The Return Of The Google Dance

Old timers in the SEO world will remember the “Google Dance,” if not fondly, at least with some nostalgia. It was when Google’s rankings went through a change each month, sometimes dramatically, when a new algorithm was launched. The Google Dance eventually disappeared. Who’d have thought it would ever return? But it sure has, and we’re likely to be dancing even more.

The Days Of The Google Dance

The Google Dance took its name from how the results at Google seemed to “dance” around when it unleashed a new search algorithm — Google’s recipe for ranking web pages — on the world. A search for a particular topic suddenly brought up a set of first page listings different than from the previous day. The listings might continue to change for a series of days until stabilizing around a new set.

Who came up with the term “Google Dance?” We’ll probably never know for certain. The oldest reference to “Google Dance” that I can find and trust — since dates on web pages are tough to verify — is here on WebmasterWorld in March 2002. As an aside, the term was also used by Google itself for an annual party that coincided with SES events, when I ran them, and ended two years after I’d left to run SMX. The image above is a T-shirt from one of those parties.

There’s no doubt the WebmasterWorld forum community popularized the term. As a new Google algorithm rolled out — an event generally called an “update” — people would post on the forum about how the results were changing and try to figure out how the algorithm had shifted to favor some content and not other pages.

Eventually, the algorithm updates that caused a particular dance even began being named by those at WebmasterWorld, in the way that hurricanes are named, starting with “Boston” in February 2003 and including the now infamous “Florida” update of November 2003. As I wrote before, those who think the Penguin Update earlier this year is somehow unprecedented simply have no sense of history. The Florida Update, in my opinion, hit sites harder.

The Dancing Stops

Not long after Florida, the monthly Google Dance stopped. That’s because Google stopped changing its algorithm on a monthly basis and instead constantly tweaked it. Here’s the head of Google’s web spam team Matt Cutts talking about this in 2009:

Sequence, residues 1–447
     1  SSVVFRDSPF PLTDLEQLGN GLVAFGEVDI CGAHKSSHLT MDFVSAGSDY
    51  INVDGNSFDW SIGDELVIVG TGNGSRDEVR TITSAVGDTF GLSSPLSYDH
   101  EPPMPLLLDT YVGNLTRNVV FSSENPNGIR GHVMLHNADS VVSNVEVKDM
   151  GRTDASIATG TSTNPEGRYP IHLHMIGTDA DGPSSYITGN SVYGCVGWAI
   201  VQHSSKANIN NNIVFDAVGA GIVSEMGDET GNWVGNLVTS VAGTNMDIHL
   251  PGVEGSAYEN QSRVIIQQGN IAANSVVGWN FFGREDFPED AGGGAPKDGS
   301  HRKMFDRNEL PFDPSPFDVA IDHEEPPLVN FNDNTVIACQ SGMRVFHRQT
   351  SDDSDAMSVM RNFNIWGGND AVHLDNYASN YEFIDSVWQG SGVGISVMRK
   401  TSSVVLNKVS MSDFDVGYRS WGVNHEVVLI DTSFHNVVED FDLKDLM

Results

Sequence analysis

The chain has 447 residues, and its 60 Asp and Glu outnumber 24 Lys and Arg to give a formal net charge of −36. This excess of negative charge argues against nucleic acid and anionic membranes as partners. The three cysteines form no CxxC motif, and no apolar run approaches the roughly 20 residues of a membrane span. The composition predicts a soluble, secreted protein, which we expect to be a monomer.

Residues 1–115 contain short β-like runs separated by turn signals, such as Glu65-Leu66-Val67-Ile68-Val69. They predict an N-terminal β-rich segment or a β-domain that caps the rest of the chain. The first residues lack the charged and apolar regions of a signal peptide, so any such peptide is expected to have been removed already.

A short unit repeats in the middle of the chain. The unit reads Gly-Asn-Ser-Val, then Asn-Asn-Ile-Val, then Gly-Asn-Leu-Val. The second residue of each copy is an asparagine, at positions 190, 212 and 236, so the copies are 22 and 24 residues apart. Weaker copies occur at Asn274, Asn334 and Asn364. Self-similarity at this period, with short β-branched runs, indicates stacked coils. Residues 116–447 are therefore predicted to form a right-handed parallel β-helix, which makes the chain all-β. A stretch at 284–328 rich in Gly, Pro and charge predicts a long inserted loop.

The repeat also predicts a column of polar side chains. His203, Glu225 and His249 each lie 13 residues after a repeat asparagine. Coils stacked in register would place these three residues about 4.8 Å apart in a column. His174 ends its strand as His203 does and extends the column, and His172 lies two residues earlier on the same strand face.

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He covers it again in a fresh video from earlier this year:

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Because Google was making lots of small incremental changes, as Cutts discusses, the dance became less noticeable.

Changing An Engine Vs. Swapping A Part

A useful metaphor is to think about the “engine” in the search engines that we use. That’s mostly the search algorithm that figures out what documents to retrieve when we do a search and how to rank those.

If you’re not familiar with all the factors that go into Google’s search algorithm, I strongly encourage you to see our Periodic Table Of SEO Ranking Factors. It’ll give you a good overview. Those factors are like all the moving parts within the algorithm engine.

In the Google Dance days, it’s like Google dropped an entirely new engine into its search vehicle. That engine performed differently, sometimes radically so, than the previous engine. It might also have run a bit rough at first, until the engineers did some tuning to get it running in the way they felt was right. When all was done, the dancing of the results would settle down.

Post-Google Dance, it was more like Google kept using the same engine but changed out individual parts. A new fuel pump might go in one month. Maybe the spark plug wires were changed the next. An air filter might get swapped with a better model a few days later. Since the entire engine wasn’t being replaced, there wasn’t some dramatic shift that was reflected in the results.

Occasionally, new algorithm “engines” did get added. Sometimes they caused Google Dances. Some even got names like “Vince” or “Mayday.” Google itself named some of these, over the years. But a monthly dance was pretty much gone until the Panda Update came along last year.

The Panda Dance